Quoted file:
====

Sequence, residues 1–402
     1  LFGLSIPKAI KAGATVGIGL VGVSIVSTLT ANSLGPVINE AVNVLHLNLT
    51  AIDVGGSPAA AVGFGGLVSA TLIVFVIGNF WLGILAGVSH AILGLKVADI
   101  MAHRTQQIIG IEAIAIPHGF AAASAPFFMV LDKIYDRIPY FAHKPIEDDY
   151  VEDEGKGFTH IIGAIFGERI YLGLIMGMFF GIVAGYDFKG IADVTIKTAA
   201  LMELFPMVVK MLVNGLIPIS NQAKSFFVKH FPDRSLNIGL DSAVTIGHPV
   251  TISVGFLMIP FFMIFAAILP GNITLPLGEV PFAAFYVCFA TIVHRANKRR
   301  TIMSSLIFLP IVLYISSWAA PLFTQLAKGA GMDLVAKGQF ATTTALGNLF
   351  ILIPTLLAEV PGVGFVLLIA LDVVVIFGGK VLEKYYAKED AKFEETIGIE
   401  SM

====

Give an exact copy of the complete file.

Sequence, residues 1–402
     1  LFGLSIPKAI KAGATVGIGL VGVSIVSTLT ANSLGPVINE AVNVLHLNLT
    51  AIDVGGSPAA AVGFGGLVSA TLIVFVIGNF WLGILAGVSH AILGLKVADI
   101  MAHRTQQIIG IEAIAIPHGF AAASAPFFMV LDKIYDRIPY FAHKPIEDDY
   151  VEDEGKGFTH IIGAIFGERI YLGLIMGMFF GIVAGYDFKG IADVTIKTAA
   201  LMELFPMVVK MLVNGLIPIS NQAKSFFVKH FPDRSLNIGL DSAVTIGHPV
   251  TISVGFLMIP FFMIFAAILP GNITLPLGEV PFAAFYVCFA TIVHRANKRR
   301  TIMSSLIFLP IVLYISSWAA PLFTQLAKGA GMDLVAKGQF ATTTALGNLF
   351  ILIPTLLAEV PGVGFVLLIA LDVVVIFGGK VLEKYYAKED AKFEETIGIE
   401  SM